Posted by Riccardo Monza on Feb 15th, 2010 and filed under Archive, Badger's Book Corner, Columns, Fancy Showreel, Features. You can follow any responses to this entry through the RSS 2.0. You can leave a response or trackback to this entry

“I was told at the beginning of my career that with a name like Nigel Mansell I would never make it to Formula 1 or make anything of myself in life.” “My Autobiography,” written by Nigel Mansell -the most successful British driver in history, tells us (with the help of James Allen) how he stuck a sock in the mouth of his critics and came through to be a worthy winner.


Mansell Monaco 1981

As the shining star of the Midlands karting scene, and against his father’s wishes, Nigel pushed forward into the adult racing world of Formula Ford and then Formula 3 during the 1970’s. With an engineering qualification under his belt and cash from window cleaning and selling his home, the determined slog continued towards Formula 1 where Nigel secured a test driving role for Lotus for the 1980 season. A great relationship developed between the boss Colin Chapman and Our Nige’ and he was finally allowed to race, but the wins didn’t develop. After a switch to Williams cars, the chance came to really compete at the sharp end and the moustached British Lion never looked back!

Page after page, we feel Nigel’s strength and determination to succeed and how he deals with all the obstacles placed in his way. Such obstacles in the shapes of Alain Prost and Nelson Piquet Snr who are described as being amongst the lower end of God’s creatures! Nigel is certainly not one to shy away from confrontation with such folk, and as a big bloke, he’s quite happy to tell people face to face in the paddock that he’s not one to be messed with. On the other hand, we also feel Nigel’s admiration and softer side for the likes of Keke Rosberg and Gilles Villeneuve, and respect for arch rival Ayrton Senna, and are invited into the cockpit to see his techniques at how he took them on with his ragged edge on-the-limit driving style. Driving is really Nigel’s passion, and he justifies his romantic approach to racing throughout the book, as it is often at odds with the more political goings-on in the world of F1.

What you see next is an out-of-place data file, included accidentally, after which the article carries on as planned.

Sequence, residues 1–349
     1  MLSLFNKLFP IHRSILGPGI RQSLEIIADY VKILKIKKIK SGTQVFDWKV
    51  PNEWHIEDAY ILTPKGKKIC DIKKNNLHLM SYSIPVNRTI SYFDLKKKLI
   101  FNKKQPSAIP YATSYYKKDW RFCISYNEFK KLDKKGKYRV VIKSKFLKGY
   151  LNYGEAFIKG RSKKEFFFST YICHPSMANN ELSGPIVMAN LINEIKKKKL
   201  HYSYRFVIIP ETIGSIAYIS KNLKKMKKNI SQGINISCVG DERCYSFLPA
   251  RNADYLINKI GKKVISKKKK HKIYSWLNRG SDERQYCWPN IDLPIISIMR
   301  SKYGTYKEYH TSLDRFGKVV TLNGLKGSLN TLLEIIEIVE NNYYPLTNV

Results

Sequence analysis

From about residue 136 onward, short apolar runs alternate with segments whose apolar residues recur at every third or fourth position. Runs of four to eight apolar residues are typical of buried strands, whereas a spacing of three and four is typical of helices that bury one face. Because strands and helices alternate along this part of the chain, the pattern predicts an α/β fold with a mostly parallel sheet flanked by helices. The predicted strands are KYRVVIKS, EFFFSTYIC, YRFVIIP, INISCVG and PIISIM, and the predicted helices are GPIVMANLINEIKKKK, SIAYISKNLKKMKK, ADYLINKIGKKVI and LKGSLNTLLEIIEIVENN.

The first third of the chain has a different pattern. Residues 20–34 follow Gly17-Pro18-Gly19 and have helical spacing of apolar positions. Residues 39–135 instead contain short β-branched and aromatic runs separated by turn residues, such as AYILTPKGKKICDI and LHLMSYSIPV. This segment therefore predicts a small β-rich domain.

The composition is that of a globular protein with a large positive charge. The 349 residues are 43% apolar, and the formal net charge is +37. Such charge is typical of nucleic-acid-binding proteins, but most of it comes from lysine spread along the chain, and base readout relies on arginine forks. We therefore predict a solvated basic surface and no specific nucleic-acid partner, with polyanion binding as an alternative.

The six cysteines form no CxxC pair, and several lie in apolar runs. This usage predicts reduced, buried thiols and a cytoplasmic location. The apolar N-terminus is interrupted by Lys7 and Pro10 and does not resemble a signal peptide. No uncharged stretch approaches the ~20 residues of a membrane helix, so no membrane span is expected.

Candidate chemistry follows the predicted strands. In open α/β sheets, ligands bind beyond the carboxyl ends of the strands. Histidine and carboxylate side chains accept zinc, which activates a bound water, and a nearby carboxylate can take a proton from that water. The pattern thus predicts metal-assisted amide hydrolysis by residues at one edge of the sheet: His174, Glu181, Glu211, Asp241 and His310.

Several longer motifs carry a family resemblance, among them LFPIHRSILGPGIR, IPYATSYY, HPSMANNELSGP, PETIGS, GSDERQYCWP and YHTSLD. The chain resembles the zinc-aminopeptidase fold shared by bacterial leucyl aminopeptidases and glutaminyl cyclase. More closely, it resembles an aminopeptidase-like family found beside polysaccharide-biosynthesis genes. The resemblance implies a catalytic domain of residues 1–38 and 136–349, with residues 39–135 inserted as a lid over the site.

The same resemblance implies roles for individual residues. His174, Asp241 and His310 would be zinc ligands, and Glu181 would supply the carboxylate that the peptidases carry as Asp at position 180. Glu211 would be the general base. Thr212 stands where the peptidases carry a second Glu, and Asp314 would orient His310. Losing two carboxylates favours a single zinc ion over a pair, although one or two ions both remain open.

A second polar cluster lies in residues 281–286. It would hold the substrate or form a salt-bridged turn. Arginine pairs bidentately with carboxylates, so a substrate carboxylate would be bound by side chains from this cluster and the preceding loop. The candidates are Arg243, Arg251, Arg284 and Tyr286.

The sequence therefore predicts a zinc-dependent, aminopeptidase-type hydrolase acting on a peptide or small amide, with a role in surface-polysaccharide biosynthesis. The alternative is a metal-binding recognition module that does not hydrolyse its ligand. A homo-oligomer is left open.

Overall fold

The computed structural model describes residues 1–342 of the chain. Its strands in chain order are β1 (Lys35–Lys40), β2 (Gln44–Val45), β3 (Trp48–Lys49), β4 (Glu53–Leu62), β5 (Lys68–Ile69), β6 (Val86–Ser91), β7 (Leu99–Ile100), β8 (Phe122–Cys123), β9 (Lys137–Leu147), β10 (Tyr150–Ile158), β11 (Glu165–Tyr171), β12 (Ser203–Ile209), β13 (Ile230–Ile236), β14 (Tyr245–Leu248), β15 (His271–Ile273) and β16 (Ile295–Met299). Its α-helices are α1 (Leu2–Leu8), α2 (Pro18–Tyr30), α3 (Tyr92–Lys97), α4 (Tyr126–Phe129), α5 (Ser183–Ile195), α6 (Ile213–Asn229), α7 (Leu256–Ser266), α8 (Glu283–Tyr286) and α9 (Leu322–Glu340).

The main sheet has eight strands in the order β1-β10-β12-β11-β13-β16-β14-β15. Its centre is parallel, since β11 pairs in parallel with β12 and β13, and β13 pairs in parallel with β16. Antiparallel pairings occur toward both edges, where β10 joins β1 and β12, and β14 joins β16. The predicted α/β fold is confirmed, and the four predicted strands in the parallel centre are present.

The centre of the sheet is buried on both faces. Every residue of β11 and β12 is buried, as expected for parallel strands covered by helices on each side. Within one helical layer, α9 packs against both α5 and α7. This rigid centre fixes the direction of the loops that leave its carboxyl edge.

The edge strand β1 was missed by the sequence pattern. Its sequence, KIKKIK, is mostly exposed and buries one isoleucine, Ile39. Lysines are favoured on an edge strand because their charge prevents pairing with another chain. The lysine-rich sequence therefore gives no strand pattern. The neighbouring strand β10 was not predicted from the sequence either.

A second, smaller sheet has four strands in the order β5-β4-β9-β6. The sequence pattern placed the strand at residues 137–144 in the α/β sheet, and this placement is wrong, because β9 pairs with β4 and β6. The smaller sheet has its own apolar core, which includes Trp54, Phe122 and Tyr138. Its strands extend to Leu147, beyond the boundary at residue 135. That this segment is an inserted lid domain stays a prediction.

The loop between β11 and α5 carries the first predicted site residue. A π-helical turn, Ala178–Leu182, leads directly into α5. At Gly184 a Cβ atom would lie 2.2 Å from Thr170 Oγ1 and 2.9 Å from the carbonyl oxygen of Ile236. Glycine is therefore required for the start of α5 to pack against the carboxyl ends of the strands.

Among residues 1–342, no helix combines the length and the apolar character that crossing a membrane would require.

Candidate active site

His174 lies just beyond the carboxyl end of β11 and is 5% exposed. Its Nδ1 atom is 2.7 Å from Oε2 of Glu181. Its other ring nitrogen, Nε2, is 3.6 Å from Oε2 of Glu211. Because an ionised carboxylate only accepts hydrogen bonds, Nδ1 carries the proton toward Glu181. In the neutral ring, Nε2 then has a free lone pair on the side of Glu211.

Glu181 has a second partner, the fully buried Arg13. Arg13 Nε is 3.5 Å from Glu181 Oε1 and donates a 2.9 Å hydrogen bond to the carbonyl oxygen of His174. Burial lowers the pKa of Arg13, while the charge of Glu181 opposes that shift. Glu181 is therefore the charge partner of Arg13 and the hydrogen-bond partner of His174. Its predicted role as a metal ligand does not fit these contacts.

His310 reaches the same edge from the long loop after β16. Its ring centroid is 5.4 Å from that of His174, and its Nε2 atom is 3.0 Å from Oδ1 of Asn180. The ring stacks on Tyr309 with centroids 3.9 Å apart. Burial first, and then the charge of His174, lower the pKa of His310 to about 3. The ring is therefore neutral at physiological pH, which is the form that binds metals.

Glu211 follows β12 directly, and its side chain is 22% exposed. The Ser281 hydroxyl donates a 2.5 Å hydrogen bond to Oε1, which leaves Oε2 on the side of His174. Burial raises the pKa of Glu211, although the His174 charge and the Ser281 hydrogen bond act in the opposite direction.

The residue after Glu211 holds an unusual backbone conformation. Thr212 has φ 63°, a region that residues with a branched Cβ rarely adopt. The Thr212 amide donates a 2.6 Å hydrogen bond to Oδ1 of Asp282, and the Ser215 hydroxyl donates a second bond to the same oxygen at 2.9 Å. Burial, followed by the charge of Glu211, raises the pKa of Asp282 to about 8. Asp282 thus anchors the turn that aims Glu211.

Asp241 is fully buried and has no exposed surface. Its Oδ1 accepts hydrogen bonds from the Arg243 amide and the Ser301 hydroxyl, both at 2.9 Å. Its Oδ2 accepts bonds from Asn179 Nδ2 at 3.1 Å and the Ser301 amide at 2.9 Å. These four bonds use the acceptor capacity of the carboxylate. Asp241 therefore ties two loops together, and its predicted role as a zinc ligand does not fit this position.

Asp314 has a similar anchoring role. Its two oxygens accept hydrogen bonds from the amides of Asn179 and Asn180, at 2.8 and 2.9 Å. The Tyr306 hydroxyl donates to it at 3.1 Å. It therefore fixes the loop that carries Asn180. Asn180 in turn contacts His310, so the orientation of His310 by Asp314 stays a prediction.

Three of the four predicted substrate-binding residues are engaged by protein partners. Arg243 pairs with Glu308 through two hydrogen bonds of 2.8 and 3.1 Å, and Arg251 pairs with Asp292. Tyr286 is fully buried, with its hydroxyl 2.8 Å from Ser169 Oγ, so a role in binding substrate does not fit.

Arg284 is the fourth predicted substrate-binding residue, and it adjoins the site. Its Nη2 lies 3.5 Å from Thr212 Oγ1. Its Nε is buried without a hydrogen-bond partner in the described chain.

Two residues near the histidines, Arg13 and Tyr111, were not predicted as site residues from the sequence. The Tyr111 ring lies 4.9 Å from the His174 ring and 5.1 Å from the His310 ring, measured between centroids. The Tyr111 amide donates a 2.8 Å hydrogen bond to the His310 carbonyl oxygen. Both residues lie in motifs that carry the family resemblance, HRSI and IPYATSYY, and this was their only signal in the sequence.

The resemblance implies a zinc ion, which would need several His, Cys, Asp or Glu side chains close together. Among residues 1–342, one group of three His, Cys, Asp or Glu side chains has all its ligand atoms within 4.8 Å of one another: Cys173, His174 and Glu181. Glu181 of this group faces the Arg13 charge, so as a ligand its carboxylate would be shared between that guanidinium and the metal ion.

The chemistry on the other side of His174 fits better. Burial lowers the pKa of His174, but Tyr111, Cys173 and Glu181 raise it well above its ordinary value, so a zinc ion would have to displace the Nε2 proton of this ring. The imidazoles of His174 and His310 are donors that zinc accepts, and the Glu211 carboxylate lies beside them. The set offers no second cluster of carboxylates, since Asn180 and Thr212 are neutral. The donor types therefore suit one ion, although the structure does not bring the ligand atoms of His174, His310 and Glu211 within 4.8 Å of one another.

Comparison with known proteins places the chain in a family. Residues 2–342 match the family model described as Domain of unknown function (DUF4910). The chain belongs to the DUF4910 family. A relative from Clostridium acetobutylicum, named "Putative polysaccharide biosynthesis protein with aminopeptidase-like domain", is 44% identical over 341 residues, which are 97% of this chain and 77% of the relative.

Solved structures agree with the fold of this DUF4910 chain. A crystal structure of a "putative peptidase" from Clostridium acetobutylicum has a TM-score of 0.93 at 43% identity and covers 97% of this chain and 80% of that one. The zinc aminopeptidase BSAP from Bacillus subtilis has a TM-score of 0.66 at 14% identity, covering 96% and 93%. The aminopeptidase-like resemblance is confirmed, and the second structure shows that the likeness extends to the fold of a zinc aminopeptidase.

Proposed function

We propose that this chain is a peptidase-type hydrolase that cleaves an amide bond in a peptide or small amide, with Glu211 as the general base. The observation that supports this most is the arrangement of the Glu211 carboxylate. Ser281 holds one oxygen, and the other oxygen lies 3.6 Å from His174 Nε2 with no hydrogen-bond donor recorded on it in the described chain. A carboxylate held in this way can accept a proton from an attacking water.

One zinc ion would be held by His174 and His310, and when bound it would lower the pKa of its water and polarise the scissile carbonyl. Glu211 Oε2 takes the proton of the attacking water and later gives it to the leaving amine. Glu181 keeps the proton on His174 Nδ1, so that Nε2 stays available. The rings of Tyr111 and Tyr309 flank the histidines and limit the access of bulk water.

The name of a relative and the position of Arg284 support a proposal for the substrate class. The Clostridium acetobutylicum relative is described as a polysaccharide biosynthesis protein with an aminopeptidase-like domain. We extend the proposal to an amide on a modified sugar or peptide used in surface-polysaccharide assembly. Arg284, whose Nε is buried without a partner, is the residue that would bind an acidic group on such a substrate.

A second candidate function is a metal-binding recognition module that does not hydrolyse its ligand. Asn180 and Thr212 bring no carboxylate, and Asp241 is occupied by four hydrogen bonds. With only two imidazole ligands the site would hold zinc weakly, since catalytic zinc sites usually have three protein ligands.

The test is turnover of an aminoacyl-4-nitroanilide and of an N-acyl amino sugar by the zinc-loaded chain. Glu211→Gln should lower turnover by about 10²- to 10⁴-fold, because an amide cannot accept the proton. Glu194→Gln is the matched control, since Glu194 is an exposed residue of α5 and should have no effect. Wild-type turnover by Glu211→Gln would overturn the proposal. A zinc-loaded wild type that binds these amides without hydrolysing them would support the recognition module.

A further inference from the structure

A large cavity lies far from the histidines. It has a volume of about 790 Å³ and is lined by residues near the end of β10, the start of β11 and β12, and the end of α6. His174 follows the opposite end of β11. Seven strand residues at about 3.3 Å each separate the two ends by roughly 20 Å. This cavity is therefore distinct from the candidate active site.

Mansell, Senna 1992 © Autosport

Mistakes and accidents on track are explained with emotional, practical and philosophical reasoning, against the onslaught of criticism that Nigel received, not just from the media but from his own team personnel, would you believe! One of whom famously stated “Mansell will never win a Grand Prix as long as I have a hole in my arse.” Well, the bottom line was that Nigel was good enough to win, proving it many times on his way to the elusive World Championship title, before starting a new challenge in the United States in the IndyCar series.

The layout of Mansell’s book is split into three sections. The first of which is “The Secret of Success,” where he shares insightful overviews on his philosophy of racing, and his perspective on life. The second section “The Greasy Pole” follows a more chronological approach from childhood and continues into the third “Winning,” which discusses battling for championships. Furthermore at the end of each chapter are several telling tributes from drivers, team personnel and colourful characters from around the paddock who knew Nigel as a good mate. The hardback edition hit the shelves in 1995, and has 32 pages showing plenty of glossy snapshots of Nigel’s highs and lows at the track, and away from it. The paperback edition treats us generously to an extra chapter, bringing the tally up to hefty 480 pages, whilst for the serious collector there is in fact an audio book version out there on good old cassette tape, read by one of Nigel’s greatest admirers -Murray Walker.

http://www.f1badger.com/wp-content/uploads/2010/02/Mansell_Brazil_1992.jpg

Mansell Brazil © Formula One Pictures

Colin Chapman once said “In adversity we strive,” and in “My Autobiography”, Nigel Mansell has told a gritty and often humorous tale, of how he’s taken Chapman’s spirit and carried on regardless to reach the top step. It’s inspiring stuff.